# Constructing a discrete time stochastic process with certain autocorrelation

I am trying to construct a discrete time stochastic process from which I can generate time series to work with. The stochastic process should have low autocorrelation everywhere but on certain lags (e.g at lags 7, 14, 21, etc. the autocorrelations should be high / significant and at the other lags the autocorrelations should be small / not significant). This is the only requirement on the stochastic process. Is there a simple way to do this?

Moving average (MA) process with nonzero coefficients at lags 7, 14, 21, etc. is just what you need. I.e. $$x_t=u_t+\theta_7 u_{t-7}+\theta_{14} u_{t-14}+\theta_{21} u_{t-21}$$ where $u_t$ is i.i.d. noise and the $\theta$s are scalars. Below is an example code for R:

n=1e4 # sample size
theta=rep(0,21); theta=0.4; theta=-0.6; theta=0.8 # coefficients theta
set.seed(1) # fix seed for random number generation
u=rnorm(n) # generated i.i.d. standard normal noise
x=u[1:(n-21)]+theta*u[(1+7):(n-21+7)]+theta*u[(1+14):(n-21+14)]+theta*u[(1+21):n] # generate the MA process
acf(x) # autocorrelation function (produces a graph) If you would like a stationary process of this kind then the simplest thing to do is just to specify an admissible auto-correlation function $\gamma(k) \equiv \mathbb{Corr}(Y_t, Y_{t+k})$ for your process with the desired auto-correlation values and then define the distribution of your observable series directly:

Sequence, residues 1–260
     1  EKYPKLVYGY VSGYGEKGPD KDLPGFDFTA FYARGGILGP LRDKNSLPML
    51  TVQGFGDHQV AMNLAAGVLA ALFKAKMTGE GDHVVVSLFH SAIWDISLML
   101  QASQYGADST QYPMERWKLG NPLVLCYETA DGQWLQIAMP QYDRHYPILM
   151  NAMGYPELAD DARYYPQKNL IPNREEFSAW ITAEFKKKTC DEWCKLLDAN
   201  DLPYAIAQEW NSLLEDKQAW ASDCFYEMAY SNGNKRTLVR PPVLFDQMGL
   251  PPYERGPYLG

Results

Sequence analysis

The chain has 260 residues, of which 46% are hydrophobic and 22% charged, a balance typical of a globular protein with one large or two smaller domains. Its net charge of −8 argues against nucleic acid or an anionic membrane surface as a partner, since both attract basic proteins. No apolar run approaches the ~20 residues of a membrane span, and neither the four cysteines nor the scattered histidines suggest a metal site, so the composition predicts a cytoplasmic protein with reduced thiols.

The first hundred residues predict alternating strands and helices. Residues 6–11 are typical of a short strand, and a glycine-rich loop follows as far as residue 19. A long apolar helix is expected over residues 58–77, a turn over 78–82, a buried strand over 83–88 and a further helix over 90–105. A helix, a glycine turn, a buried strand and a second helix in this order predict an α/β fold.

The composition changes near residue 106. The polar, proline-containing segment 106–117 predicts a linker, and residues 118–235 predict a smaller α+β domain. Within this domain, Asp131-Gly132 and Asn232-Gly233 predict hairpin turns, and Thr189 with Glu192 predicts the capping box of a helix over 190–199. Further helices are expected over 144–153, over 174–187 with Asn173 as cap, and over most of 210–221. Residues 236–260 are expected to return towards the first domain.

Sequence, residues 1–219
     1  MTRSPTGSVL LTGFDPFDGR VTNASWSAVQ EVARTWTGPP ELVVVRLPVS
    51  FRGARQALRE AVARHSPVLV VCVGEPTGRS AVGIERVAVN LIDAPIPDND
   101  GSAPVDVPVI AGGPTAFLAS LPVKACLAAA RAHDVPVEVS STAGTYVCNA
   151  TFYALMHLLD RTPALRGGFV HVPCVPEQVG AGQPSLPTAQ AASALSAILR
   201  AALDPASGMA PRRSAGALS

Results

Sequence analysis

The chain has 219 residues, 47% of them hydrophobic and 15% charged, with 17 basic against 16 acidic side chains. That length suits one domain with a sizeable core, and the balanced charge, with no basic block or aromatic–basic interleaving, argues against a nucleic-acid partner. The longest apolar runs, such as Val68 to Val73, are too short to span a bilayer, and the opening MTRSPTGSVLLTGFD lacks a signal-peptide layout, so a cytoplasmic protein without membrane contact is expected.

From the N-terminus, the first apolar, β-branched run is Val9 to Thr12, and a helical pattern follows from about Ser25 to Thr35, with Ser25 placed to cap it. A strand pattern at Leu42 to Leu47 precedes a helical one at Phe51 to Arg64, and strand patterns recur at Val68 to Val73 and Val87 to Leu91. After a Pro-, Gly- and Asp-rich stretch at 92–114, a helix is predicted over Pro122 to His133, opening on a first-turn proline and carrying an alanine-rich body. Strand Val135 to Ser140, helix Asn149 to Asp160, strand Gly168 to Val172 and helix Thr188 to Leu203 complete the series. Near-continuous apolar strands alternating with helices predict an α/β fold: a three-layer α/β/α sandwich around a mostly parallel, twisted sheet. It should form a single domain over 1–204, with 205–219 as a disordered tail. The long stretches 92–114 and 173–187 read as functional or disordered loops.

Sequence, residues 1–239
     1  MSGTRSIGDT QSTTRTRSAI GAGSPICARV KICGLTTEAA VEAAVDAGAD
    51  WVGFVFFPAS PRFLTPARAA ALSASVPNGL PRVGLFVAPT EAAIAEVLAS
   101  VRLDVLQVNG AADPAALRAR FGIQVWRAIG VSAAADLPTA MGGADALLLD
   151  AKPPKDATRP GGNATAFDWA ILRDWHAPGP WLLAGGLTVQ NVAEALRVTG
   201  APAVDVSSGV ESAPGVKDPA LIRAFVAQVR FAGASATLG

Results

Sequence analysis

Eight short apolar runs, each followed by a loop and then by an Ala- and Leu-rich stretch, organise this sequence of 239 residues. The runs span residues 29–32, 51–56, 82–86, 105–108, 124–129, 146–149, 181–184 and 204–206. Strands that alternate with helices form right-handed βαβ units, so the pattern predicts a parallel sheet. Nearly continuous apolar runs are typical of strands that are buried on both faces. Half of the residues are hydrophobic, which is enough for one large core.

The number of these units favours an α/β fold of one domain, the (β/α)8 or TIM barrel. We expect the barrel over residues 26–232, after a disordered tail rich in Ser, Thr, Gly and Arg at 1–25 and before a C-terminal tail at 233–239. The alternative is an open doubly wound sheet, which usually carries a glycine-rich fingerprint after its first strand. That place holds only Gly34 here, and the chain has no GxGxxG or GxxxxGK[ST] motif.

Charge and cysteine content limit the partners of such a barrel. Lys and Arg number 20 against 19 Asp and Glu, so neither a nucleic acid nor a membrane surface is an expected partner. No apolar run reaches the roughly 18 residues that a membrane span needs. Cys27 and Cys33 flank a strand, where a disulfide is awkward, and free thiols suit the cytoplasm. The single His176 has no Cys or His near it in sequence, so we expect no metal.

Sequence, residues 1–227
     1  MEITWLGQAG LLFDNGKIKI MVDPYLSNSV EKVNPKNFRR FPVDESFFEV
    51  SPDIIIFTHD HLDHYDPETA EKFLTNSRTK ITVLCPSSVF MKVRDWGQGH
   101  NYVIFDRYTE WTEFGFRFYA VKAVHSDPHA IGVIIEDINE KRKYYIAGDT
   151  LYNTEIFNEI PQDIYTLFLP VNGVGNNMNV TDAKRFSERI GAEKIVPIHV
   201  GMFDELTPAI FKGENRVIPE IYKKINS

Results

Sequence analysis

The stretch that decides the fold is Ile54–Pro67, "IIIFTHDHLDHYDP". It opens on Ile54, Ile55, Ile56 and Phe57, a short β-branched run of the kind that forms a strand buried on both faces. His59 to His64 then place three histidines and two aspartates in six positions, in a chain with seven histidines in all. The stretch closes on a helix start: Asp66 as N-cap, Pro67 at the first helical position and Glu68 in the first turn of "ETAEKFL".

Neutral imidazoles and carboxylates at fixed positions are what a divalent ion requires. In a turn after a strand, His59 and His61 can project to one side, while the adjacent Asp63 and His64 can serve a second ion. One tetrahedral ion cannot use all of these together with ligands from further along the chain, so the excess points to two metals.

$$\boldsymbol{Y} = \begin{bmatrix} Y_1 \\ Y_2 \\ \vdots \\ Y_T \end{bmatrix} \sim \text{N} \Bigg( \begin{bmatrix} \mu \\ \mu \\ \vdots \\ \mu \end{bmatrix} , \sigma^2 \begin{bmatrix} \gamma(0) & \gamma(1) & \cdots & \gamma(T-1) \\ \gamma(1) & \gamma(0) & \cdots & \gamma(T-2) \\ \vdots & \vdots & \ddots & \vdots \\ \gamma(T-1) & \gamma(T-2) & \cdots & \gamma(0) \end{bmatrix} \Bigg).$$

You have to be careful to define your auto-correlation function so that the variance matrix for the process is admissible; this requires you to ensure that every variance matrix formed for the process is a symmetric real non-negative definite matrix.